This two reflections were given on Sunday, June 10, by members of our San Francisco and East Bay Discipleship Groups. Our Discipleship Groups are small groups that meet monthly to learn about and practice following in the way of Jesus.
San Francisco Discipleship Group Reflection
By Amy Bolaños
I called the patient’s name in the waiting room. A man in his mid-50s, unshaven, in tattered hat and clothes, stood up abruptly and walked brusquely toward me, barely acknowledging me as I greeted him and led him back to the exam room where I would take his blood pressure, review his medications and prepare him for his visit with the doctor. The tough, guarded look in his eyes, as well as his agitated body language, warned me to keep my voice and body language calm and to notice my safe and quick exit route from the room. As soon as I asked him how he was doing today, he launched into a barrage of threats to the stranger on the street who had just stolen his belongings. He hadn’t planned to come to the clinic today, but 30 minutes ago he was mugged by another man.
He had just picked up his medications from the pharmacy a few days ago, and they were in the bag that was stolen. “The meds aren’t going to do him any good! They’re for my heart! I hope he eats them all and it kills him!” The patient then began a 5-10 minute loud, angry monologue listing ways in which he planned to carry out revenge on this man. “I’ll find him, and when I do I’ll rip his face off! I’ll smash his head in!” etc. I just sat and listened to him vent his anger. When I could get a word in, I validated his pain and anger, trying to imagine experiencing such violence myself and the emotions it would bring up for me. I also reassured him that we would be able to help him replace his medications.
As the volume of his voice began to drop to a normal conversational tone, his train of thought shifted to his current living situation. The reason his bag was stolen was because he drifted off briefly while sitting on the sidewalk because he didn’t have a place to sleep the night before and hated staying in the shelters. Although he had a bed at one of the shelters in the neighborhood, he felt just as threatened there as on the street. “I hate being around all these people.” Then, with a sort of wistfulness, he began to tell me of his favorite place to camp. “I’ve got a nest at Land’s End, tucked into the cliff, behind the trees, away from the path. Nobody can see me there. Nobody bothers me there. It’s just me … and the racoons. The mama racoon always comes in looking for some food. The others are too shy, but she’s not afraid of me. She comes in for some of the food I share with her. Greets me every time. She’s probably wondering where I am.”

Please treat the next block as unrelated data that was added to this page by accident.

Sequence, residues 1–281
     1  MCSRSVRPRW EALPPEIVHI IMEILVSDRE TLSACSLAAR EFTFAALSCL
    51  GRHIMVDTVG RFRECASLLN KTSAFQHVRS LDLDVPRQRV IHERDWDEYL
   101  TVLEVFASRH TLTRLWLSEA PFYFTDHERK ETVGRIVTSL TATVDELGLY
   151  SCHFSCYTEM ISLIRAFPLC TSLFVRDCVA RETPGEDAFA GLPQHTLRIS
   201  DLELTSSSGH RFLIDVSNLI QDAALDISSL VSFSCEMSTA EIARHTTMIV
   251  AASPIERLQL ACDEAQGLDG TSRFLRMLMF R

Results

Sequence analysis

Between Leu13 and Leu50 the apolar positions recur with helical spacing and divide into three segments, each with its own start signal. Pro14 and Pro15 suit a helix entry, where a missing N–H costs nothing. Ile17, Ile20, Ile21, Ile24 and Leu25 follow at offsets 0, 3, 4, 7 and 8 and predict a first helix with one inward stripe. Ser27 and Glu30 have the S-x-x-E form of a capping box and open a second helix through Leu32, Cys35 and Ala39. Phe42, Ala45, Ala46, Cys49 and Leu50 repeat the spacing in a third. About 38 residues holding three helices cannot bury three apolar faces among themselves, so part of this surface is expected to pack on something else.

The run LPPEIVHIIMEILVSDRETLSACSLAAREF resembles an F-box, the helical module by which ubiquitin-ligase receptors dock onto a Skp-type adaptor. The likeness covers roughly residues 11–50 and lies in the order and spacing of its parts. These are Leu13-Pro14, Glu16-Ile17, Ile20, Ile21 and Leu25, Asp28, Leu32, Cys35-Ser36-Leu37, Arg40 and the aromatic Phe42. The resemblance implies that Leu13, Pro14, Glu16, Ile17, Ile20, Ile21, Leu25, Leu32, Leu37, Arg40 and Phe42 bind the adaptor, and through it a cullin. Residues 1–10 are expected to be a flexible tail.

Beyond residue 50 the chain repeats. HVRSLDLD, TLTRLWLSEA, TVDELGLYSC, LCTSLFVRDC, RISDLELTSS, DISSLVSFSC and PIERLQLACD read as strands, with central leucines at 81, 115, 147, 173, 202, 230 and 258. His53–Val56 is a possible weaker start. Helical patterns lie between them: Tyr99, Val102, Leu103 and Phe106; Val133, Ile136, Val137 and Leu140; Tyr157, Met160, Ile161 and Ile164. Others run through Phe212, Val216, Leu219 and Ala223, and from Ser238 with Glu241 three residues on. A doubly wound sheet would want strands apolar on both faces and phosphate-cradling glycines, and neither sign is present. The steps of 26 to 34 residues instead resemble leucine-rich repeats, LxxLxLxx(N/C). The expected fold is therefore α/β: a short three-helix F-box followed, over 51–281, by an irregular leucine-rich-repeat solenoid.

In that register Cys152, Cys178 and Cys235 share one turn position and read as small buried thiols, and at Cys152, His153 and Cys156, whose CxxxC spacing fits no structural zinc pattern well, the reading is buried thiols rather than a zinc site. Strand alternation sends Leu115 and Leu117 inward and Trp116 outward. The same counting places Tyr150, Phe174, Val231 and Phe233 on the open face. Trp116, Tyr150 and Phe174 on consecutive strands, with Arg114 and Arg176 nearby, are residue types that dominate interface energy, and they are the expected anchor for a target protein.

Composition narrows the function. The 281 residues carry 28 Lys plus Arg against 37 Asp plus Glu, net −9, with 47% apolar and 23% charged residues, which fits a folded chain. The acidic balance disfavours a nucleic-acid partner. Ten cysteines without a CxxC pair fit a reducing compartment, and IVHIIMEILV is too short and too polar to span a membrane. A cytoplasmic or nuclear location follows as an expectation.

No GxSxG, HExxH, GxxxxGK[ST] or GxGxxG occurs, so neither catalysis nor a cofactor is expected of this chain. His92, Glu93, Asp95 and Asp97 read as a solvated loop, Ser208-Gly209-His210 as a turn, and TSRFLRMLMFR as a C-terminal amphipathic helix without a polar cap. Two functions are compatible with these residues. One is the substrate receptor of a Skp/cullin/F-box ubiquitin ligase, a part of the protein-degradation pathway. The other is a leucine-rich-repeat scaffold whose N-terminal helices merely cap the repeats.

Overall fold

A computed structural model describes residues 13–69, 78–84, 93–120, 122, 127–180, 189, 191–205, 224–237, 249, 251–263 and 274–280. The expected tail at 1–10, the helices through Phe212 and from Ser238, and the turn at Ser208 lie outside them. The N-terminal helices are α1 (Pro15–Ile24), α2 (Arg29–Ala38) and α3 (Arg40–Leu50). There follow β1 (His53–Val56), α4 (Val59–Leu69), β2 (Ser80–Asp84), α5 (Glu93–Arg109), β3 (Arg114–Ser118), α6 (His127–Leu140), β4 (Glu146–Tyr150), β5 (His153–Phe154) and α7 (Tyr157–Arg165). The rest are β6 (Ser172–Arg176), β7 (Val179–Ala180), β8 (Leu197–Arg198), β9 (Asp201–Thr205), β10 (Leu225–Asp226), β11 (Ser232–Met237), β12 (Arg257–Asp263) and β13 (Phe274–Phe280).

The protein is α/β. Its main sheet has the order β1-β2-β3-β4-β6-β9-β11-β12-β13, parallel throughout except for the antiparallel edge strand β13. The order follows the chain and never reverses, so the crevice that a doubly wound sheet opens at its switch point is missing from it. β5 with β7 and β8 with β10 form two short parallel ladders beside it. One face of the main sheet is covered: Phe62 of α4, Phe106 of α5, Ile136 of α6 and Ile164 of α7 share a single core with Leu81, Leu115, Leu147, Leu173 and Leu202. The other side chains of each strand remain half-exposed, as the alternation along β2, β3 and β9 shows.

I couldn’t help but think of a concept we had just explored in our Discipleship Group of “What does it mean or matter to be interdependentwith all Earthly life?”1 This concept is called Deep Ecology, which challenges our Christian beliefs of humans as the ultimate valuable beings on Earth who are responsible for the stewardship of all other beings. Instead, humans, according to this theory, are simply a part of the whole and are interconnected with all of Earth. This shift is important because, as caretakers of this Earth, we are morally responsible for its well-being and are asked to sacrifice, to be better people, to show more concern. But as a part of the whole, such as an arm or a leg, the Earth is our body, and in caring for it, we are caring for ourselves. Joanna Macy summarizes it well, “What humankind is capable of loving from mere duty or moral exhortation is, unfortunately, very limited…[But] the requisite care flows naturally if the self is widened and deepened so that protection of free nature is felt and conceived of as protection of our very selves.”2 This does not mean that we are only selfish and not compassionate. On the contrary, compassion, which literally means “‘to suffer with’ … is evidence of our interconnectedness with all life.”3